Semiconductor Manufacturing International Corp. aims to spend $8.87 billion building a new plant on the outskirts of Shanghai, a major expansion in capacity at a time China is trying to build a world-class chip industry.
SMIC has signed an agreement to establish a 100,000 per-month wafer plant in the Lin-Gang Special Area, a free trade zone run by the city.
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The facility will focus on more mature technology of 28 nanometers orolder, the company said in a filing. It plans to set up a joint venture with registered capital of $5.5 billion with Shanghai’s government to oversee the project, of which the company will own at least 51 percent.
SMIC’s shares jumped as much as 2.7 percent in Hong Kong and 4.8 percent in Shanghai.
The envisioned plant comes on top of a $2.35 billion factory SMIC’s planning for south China’s Shenzhen that will be able to make as many as 40,000 12-inch wafers per month. Together, the projects represent an effort to shore up its lead in domestic chipmaking while furthering the country’s broader chip ambitions.
The Shanghai facility’s mature-node chips could be targeted at the auto-making industry, which is struggling with an endemic shortage of the semiconductors they need to power electric vehicles and in-car systems.
Shanghai-based SMIC is China’s best hope for gaining clout in advanced chips used in devices from smartphones to base stations. Its capacity and technical know-how are crucial to helping Beijing overcome a US-led effort to curb its tech ambitions. But the company has been unable to get key machinery to keep advancing its technology, after the US placed it under sanctions last year on national security grounds.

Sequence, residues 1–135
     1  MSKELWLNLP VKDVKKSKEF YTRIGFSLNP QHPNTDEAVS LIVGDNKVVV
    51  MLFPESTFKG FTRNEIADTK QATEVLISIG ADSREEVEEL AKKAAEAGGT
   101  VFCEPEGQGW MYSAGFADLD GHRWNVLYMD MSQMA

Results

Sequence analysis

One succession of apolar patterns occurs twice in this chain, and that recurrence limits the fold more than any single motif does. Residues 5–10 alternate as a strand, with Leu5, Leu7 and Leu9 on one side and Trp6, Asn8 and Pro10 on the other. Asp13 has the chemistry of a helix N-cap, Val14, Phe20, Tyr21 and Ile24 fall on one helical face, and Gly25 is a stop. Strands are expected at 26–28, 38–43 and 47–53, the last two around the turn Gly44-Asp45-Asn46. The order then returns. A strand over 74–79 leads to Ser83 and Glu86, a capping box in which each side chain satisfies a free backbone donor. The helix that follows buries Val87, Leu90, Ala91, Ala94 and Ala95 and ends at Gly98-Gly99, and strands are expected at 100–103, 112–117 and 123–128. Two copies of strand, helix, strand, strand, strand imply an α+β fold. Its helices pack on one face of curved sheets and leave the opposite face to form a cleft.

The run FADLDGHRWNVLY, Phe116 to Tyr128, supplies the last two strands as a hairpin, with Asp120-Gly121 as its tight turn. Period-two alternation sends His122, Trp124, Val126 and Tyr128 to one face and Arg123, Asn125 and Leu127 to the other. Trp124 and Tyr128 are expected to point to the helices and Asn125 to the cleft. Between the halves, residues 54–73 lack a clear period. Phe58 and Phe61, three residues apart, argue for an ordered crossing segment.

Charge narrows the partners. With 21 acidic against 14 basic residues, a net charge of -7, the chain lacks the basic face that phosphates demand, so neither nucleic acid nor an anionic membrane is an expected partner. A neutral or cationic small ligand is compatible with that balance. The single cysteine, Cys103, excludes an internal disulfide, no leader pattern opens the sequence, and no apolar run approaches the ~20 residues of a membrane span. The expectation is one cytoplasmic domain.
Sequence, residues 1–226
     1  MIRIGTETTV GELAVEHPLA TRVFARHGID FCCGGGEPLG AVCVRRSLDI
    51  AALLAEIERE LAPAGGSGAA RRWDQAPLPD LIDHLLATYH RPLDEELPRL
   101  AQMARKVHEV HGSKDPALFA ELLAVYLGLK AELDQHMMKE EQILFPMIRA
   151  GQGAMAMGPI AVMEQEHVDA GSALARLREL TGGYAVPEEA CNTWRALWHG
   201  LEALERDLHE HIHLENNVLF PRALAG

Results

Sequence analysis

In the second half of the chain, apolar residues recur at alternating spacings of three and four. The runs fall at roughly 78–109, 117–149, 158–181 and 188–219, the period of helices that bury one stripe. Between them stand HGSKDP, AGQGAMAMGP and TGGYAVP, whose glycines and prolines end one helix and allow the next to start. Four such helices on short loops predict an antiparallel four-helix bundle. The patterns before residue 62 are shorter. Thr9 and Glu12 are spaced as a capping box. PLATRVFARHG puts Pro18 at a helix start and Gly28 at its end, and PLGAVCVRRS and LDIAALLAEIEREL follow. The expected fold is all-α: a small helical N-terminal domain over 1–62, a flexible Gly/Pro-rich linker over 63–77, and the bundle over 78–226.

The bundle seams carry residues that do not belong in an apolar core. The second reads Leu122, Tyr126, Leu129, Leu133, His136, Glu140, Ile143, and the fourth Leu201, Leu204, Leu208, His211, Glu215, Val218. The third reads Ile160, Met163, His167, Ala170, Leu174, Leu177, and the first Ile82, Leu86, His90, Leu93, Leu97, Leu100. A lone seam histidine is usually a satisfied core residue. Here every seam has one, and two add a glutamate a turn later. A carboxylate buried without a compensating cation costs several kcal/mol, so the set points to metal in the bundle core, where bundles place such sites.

Beijing is moving swiftly to cut a dependence on the West for crucial components like chips, an issue that became more urgent after a global shortage of semiconductors worsened during the pandemic.
Chinese President Xi Jinping has tapped close confidante Liu He, the economic czar whose sprawling portfolio spans trade to finance and technology, to spearhead the development of so-called third-generation or compound semiconductor chip development. He’s now leading the formulation of a series of financial and policy support for the technology, Bloomberg News has reported.
SMIC’s newest plant will be built in a free-trade zone in the southeastern suburbs of Shanghai, an enlargement of the tariff-free areas Xi originally approved to attract foreign investment and trade. The company is expanding because its existing plants are running at or close to full capacity and its executives are counting on being able to procure equipment to make chips based on more mature technologies, despite US sanctions.